survey app

Cook Up a Post-Meeting Feedback Survey (Recipe included)

Whether they’ve attended a small meeting with less than 100 people or a large, complex conference with thousands, most participants will receive a post-meeting email survey from the meeting sponsor asking for feedback about their experience.   

While every meeting is unique in terms of its objectives, attendees, agenda, and activities, from the perspective of measuring impacts and results, most event professionals can follow a similar recipe to create a survey that will generate accurate, useable feedback.

Step 1:  List your meeting elements.
Begin with the event agenda. Build a list of the meeting elements you want to measure in sequence (i.e., Day 1, Day 2, Day 3), including all general sessions, important education or breakout sessions, key social events such as meals and award functions, offsite activities, and technologies (event mobile app, gamification strategies, and so on).

Step 2:  Identify meeting objectives.
Using the list of meeting elements, identify one or more strategic objectives that each element was designed to accomplish. What should attendees have learned from the session? How should attendee perceptions and attitudes have been affected? Did attendees commit to accomplish something after the meeting? This process may require conversations with the meeting owner, key presenters, and activity designers.
Keep in mind that meetings don’t occur in a vacuum. Stakeholders are making sizeable investments to achieve specific tactical and strategic objectives for their people and their organization. The post-event survey is a key instrument for assessing the degree to which a meeting generated satisfactory returns for the C-suite and meeting owners (interested in business Impacts, return on investment, and positive post-meeting behaviors) and for participants (looking for an experience that satisfies their need for knowledge, motivation, networking, or other goals).

Step 3:  Draft a list of survey question topics in note form.
Compile a first draft of the survey topics, making sure all the essential elements are touched on. Consider asking about:
• the meeting element’s usefulness or value to the attendee
• the attendee’s satisfaction with each meeting element
• whether each element achieved its objective.
About survey length: Though shorter surveys are generally more desirable, don’t sacrifice important questions that add value. Attendees will be more than happy to provide feedback on subjects they feel are relevant. Post-meeting surveys often exceed 30 questions and may contain 60 or more. For longer surveys, consider offering an incentive for participation, such as a summary of the survey results or entry in a sweepstakes.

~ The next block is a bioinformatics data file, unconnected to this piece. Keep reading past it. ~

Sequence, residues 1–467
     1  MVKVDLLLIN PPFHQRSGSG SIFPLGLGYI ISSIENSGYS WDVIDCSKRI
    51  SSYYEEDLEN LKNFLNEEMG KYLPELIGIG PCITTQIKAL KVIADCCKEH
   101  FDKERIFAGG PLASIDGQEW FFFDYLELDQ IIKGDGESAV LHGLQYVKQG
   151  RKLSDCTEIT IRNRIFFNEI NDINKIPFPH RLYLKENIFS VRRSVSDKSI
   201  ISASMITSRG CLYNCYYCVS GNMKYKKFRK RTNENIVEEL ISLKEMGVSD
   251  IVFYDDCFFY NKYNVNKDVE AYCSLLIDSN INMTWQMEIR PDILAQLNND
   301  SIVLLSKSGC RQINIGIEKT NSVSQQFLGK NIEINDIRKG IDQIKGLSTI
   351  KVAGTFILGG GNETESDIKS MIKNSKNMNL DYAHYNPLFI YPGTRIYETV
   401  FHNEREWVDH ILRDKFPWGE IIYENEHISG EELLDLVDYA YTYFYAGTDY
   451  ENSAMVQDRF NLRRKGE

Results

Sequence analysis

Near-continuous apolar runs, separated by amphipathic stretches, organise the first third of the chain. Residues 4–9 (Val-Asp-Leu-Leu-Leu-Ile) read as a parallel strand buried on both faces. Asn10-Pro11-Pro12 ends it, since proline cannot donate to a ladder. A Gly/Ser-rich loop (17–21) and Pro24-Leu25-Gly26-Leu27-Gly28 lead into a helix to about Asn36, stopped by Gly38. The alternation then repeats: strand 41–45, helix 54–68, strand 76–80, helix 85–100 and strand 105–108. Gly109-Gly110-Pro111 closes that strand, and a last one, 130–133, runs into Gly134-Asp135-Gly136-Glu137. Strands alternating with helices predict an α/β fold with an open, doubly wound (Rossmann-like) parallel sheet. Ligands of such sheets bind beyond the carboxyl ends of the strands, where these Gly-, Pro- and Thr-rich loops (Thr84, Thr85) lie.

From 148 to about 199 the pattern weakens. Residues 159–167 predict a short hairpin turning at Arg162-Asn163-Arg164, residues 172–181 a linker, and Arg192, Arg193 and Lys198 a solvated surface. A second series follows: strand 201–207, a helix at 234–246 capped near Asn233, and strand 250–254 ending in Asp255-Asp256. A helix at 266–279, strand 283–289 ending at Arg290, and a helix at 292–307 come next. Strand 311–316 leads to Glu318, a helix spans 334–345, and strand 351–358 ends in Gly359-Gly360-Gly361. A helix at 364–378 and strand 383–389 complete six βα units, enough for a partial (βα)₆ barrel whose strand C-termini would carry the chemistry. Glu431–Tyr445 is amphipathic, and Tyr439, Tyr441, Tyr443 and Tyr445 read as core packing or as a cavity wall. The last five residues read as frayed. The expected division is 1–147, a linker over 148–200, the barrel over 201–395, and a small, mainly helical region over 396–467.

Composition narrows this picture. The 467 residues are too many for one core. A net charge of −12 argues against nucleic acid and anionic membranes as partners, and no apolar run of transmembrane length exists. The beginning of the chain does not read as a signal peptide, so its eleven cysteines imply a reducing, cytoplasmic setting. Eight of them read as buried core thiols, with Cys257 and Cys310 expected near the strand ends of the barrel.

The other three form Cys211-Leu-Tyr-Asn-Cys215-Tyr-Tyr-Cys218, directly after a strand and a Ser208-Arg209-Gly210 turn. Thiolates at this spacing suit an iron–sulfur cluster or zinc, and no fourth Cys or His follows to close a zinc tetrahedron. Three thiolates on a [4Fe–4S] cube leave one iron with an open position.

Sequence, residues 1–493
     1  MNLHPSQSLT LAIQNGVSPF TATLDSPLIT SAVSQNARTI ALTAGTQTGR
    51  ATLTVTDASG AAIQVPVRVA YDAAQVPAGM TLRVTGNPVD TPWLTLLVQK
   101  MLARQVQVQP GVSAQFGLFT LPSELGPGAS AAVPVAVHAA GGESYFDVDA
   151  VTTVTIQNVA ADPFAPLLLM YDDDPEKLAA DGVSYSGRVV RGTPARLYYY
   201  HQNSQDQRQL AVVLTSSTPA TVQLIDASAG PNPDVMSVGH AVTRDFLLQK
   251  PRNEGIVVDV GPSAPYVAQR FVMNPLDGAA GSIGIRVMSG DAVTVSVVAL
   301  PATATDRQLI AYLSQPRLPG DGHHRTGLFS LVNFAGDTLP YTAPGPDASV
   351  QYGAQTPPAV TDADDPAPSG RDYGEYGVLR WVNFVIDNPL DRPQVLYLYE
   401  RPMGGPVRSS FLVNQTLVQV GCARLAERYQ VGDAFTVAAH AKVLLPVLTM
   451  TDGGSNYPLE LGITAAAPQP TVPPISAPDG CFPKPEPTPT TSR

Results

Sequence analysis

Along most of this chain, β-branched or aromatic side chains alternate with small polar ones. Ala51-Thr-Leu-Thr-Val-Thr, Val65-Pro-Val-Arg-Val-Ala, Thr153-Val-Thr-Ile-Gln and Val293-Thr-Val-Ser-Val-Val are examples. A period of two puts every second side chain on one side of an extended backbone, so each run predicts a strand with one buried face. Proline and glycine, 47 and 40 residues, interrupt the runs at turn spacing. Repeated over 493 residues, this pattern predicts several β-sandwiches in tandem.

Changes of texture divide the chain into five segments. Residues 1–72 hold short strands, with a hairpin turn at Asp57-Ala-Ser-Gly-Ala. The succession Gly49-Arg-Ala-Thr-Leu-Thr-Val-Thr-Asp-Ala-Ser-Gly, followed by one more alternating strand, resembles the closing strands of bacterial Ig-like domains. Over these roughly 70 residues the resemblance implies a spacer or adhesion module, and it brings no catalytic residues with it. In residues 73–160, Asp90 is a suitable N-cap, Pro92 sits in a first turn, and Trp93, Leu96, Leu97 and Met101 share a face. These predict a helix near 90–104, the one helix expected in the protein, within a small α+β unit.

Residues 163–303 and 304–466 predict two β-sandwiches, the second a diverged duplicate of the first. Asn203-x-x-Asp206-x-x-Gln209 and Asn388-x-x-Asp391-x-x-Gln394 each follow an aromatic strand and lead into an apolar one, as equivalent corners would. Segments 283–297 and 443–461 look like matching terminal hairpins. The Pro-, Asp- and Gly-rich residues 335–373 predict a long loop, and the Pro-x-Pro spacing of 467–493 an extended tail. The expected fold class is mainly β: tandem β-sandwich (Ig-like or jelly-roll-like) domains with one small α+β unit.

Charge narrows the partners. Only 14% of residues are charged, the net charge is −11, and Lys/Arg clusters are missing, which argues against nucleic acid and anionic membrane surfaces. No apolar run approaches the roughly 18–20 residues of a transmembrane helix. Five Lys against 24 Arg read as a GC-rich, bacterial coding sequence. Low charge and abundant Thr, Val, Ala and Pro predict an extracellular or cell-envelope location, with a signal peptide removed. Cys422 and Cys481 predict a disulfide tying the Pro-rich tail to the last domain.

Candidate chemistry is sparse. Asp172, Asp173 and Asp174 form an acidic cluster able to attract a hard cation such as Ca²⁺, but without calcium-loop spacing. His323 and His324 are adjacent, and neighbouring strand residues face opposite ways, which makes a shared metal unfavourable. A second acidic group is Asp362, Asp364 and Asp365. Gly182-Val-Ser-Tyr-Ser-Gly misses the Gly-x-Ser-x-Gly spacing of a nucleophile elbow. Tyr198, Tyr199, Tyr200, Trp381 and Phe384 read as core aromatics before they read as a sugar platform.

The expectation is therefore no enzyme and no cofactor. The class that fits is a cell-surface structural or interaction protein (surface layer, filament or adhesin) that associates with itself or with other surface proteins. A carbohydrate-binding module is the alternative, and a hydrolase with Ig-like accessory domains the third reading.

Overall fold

Step 4:  Outline the survey.
Begin the survey with a section of questions about the meeting overall. Next, ask specific questions about each meeting element in sequence. Finally, include a section with questions about the attendees’ after-meeting needs for support, tools, programs, policies, leadership initiatives and behaviors, organizational changes, and so on.  

Step 5: Write the questions.
Tip: Write single-subject questions for each of your elements. In the section about the meeting overall, some basic attributes to be rated are attendees’ views of their knowledge and skill gains; content relevance, usefulness, and value of the event experience; degrees of satisfaction, engagement, and motivation; value of the networking opportunities; and, following the meeting, attendee behaviors which result in business impacts and new social connections and relationships. (Note: Use the same question scale within a survey section whenever possible for ease of completion; i.e., satisfaction, importance, value, interest, etc.) A sample of questions for the “meeting overall” can be found here.

Place open-ended questions related to specific meeting elements within the related sections following the multiple-choice questions. However, open-end questions about the meeting in general should go at the end of the survey. Always include these three questions:
• What was most satisfying about your meeting experience?
• What was least satisfying about your meeting experience?
• What recommendations do you have for improving future meetings of this kind?

Survey Preparations and Launch Timing
Ideally, begin preparing your post-event survey a month or more before the event so it can be completed and ready before your final two weeks of meeting preparation. Launch the survey within a week or two (at the latest) after the meeting. People forget details after two weeks and their motivation to participate will evaporate.

More information on specialized post-event survey measures and methods for return on event (ROE), return on objectives (ROO), and return on investment (ROI) can be found on Ira Kern’s IdeaXchange page on MeetingsNet.

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